Effects of AICAR and compound C on up-regulation of p-AMPK and GLUT4 expression in IR 3T3-L1 adipocytes induced by JTW-medicated serum

Figure 5
Effects of AICAR and compound C on up-regulation of p-AMPK and GLUT4 expression in IR 3T3-L1 adipocytes induced by JTW-medicated serum

(A) Western blot was performed to examine the effects of AICAR and compound C on p-AMPK and GLUT4 in JTW-medicated serum treated IR 3T3-L1 adipocytes. (B) Quantification for the p-AMPK level shown in A. (C) Quantification for the GLUT4 level shown in A. Data are mean ± SD. **P<0.01 compared with control group cells; ##P<0.01 compared with model group cells; ΔΔP<0.01 compared with compound C group cells.

Figure 5
Effects of AICAR and compound C on up-regulation of p-AMPK and GLUT4 expression in IR 3T3-L1 adipocytes induced by JTW-medicated serum

(A) Western blot was performed to examine the effects of AICAR and compound C on p-AMPK and GLUT4 in JTW-medicated serum treated IR 3T3-L1 adipocytes. (B) Quantification for the p-AMPK level shown in A. (C) Quantification for the GLUT4 level shown in A. Data are mean ± SD. **P<0.01 compared with control group cells; ##P<0.01 compared with model group cells; ΔΔP<0.01 compared with compound C group cells.

JTW-medicated serum increased the expression and translocation of GLUT4 in IR 3T3-L1 adipocytes and led to increased glucose consumption. We next studied expression and localization of GLUT4 protein in IR 3T3-L1 adipocytes co-cultured with JTW-medicated serum plus AMPK agonist or inhibitor (Figure 6A,B). The agonist AICAR alone stimulated GLUT4 expression and translocation, but adding JTW-medicated serum did not further significantly increase GLUT4 expression. The inhibitor compound C partially attenuated the effect of JTW-medicated serum, similar to results obtained from Western blotting experiments. We also observed that translocation of GLUT4 to the plasma membrane after insulin stimulation in JTW-medicated serum treated cells was decreased by the addition of compound C (Figure 6A).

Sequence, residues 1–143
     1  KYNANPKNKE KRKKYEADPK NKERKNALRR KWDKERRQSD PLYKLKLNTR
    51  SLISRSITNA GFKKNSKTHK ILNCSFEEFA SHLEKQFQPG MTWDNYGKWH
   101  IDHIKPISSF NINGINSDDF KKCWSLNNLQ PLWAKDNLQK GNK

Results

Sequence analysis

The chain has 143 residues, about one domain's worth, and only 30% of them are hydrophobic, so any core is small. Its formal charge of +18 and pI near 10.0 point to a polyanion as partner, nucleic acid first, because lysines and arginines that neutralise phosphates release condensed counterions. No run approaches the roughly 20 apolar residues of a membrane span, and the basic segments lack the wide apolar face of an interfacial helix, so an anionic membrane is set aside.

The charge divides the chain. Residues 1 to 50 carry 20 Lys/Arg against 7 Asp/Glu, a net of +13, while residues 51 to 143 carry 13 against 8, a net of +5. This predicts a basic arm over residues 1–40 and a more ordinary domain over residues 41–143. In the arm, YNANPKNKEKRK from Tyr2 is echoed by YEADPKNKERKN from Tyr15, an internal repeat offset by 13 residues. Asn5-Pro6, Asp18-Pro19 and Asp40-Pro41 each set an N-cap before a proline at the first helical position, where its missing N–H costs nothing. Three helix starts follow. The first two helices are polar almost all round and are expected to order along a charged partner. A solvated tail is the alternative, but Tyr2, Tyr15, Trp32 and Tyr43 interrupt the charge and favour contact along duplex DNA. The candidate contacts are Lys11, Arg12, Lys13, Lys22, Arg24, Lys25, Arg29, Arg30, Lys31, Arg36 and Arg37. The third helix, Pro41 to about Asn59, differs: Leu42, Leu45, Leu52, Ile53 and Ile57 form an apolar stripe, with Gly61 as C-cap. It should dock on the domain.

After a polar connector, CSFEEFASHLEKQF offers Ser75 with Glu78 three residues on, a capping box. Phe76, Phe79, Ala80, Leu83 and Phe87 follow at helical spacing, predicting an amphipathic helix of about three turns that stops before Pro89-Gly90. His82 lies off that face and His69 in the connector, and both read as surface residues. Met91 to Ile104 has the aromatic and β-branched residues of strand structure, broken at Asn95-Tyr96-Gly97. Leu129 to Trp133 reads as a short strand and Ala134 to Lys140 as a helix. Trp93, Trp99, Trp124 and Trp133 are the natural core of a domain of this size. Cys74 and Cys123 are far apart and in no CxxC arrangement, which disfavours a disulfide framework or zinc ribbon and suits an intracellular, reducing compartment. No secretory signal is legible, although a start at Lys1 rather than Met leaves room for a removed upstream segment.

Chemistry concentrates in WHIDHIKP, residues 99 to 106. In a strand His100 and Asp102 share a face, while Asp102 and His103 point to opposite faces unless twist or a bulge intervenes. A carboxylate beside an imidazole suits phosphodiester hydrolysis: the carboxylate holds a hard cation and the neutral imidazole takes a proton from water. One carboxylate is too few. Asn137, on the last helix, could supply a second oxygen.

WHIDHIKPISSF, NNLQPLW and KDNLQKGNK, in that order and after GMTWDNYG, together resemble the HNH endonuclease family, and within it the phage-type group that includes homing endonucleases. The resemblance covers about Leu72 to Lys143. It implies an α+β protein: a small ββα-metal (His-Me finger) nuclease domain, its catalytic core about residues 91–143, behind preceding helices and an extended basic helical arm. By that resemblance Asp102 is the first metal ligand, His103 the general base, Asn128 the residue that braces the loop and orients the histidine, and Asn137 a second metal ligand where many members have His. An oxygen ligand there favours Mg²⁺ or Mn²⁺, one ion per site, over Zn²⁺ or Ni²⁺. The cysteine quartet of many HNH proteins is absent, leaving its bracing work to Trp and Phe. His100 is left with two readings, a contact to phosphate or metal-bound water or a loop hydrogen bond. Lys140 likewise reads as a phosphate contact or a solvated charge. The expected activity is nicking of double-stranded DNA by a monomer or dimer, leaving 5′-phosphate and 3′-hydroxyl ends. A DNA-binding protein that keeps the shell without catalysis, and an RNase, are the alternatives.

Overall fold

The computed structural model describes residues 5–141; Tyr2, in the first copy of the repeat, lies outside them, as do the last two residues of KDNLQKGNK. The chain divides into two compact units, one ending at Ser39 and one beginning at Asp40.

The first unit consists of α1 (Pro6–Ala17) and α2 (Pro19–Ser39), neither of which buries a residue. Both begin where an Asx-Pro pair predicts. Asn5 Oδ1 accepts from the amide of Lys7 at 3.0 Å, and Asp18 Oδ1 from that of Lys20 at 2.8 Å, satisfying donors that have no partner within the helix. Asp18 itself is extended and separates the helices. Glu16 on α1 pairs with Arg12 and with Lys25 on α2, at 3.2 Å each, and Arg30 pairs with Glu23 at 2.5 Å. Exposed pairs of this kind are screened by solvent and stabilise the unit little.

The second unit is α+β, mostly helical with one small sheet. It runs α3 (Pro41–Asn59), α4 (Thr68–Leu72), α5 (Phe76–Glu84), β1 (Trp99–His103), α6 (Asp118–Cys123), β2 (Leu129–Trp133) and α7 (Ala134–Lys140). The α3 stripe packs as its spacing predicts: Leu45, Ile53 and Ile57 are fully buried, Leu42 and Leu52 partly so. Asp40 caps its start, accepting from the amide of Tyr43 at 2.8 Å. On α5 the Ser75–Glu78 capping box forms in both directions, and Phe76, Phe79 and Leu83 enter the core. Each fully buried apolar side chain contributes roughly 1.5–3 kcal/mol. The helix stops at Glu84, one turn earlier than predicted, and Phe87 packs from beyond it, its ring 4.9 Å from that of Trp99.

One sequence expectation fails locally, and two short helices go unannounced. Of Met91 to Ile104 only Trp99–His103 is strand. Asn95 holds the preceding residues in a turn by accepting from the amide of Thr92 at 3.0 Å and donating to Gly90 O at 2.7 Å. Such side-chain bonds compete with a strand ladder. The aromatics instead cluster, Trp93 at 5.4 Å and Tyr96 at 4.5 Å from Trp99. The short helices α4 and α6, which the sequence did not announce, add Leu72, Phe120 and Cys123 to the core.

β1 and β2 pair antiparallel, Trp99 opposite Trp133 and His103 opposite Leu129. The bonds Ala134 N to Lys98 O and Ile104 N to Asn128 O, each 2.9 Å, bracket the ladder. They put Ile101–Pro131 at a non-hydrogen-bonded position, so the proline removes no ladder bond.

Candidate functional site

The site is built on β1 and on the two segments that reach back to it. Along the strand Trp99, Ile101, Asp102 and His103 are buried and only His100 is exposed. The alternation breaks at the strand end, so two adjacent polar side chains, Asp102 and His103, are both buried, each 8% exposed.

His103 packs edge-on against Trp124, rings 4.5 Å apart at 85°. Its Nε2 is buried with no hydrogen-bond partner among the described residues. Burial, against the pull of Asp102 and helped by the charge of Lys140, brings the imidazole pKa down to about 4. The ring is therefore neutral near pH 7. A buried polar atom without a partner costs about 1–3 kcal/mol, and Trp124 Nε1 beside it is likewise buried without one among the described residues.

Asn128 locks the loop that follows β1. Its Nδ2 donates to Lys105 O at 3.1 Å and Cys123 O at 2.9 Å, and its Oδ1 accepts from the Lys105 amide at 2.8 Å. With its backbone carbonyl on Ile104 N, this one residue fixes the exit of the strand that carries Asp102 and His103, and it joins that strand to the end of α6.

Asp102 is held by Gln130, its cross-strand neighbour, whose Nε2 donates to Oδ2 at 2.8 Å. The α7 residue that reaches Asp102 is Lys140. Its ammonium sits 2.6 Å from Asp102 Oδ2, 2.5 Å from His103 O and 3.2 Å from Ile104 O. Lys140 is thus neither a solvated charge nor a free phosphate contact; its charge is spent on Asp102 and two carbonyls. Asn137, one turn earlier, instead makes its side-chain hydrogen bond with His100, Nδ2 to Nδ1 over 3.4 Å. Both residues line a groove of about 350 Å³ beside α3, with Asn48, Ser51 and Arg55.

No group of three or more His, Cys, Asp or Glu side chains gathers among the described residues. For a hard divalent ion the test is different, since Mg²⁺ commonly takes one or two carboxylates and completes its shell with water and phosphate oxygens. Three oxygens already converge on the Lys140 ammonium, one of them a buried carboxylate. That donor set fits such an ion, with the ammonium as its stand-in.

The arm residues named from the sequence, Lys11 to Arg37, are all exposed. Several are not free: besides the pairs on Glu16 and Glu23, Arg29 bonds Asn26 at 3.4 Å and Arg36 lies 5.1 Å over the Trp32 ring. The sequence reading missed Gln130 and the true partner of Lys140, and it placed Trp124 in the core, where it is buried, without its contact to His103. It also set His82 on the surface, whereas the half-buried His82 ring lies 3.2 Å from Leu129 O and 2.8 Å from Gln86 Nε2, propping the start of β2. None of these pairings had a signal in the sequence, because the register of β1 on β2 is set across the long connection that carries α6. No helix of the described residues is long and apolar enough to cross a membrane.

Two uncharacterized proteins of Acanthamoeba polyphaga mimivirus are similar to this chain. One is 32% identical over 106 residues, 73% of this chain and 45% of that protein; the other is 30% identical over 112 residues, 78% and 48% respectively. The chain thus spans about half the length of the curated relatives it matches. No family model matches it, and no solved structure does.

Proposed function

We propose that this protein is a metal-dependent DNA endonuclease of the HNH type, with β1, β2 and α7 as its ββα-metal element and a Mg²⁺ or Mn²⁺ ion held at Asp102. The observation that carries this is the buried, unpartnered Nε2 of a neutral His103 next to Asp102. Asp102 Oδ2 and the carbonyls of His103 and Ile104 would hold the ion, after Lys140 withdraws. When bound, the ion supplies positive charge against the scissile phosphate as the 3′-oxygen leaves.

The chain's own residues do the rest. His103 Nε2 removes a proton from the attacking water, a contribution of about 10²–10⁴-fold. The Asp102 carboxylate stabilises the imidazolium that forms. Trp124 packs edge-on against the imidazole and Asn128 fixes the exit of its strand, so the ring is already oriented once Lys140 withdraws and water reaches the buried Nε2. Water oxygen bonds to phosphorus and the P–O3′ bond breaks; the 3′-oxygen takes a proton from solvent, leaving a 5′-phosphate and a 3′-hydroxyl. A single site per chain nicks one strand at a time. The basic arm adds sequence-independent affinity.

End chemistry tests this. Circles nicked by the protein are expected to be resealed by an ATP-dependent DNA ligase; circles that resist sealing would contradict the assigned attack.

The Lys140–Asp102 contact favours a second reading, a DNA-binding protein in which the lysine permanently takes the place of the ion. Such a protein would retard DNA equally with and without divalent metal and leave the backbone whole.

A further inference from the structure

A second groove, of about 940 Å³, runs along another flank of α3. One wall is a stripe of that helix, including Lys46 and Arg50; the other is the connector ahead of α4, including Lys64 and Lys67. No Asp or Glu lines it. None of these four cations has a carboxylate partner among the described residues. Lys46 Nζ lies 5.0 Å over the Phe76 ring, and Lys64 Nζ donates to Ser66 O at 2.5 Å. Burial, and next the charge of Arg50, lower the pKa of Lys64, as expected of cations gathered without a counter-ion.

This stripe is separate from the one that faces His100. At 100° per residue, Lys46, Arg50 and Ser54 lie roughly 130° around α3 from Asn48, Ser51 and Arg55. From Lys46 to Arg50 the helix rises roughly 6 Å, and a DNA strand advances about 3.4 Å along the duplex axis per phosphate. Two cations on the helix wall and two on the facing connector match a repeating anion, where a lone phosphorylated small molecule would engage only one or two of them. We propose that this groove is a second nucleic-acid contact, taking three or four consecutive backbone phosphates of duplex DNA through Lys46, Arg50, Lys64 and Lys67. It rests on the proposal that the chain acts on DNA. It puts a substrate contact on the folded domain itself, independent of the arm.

Effects of AICAR and compound C on GLUT4 expression and localization in IR 3T3-L1 adipocytes treated with JTW-medicated serum

Figure 6
Effects of AICAR and compound C on GLUT4 expression and localization in IR 3T3-L1 adipocytes treated with JTW-medicated serum

(A) Immunostaining was performed to examine the effects of AICAR and compound C on the expression level and localization of GLUT4 in JTW-medicated serum-treated IR 3T3-L1 adipocytes. Scale bar: 25 µm. (B) Quantification for the immunostaining result in A. Data are mean ± SD. **P<0.01 compared with control group cells; ##P<0.05 compared with model group cells; ΔΔP<0.01 compared with compound C group cells.

Figure 6
Effects of AICAR and compound C on GLUT4 expression and localization in IR 3T3-L1 adipocytes treated with JTW-medicated serum

(A) Immunostaining was performed to examine the effects of AICAR and compound C on the expression level and localization of GLUT4 in JTW-medicated serum-treated IR 3T3-L1 adipocytes. Scale bar: 25 µm. (B) Quantification for the immunostaining result in A. Data are mean ± SD. **P<0.01 compared with control group cells; ##P<0.05 compared with model group cells; ΔΔP<0.01 compared with compound C group cells.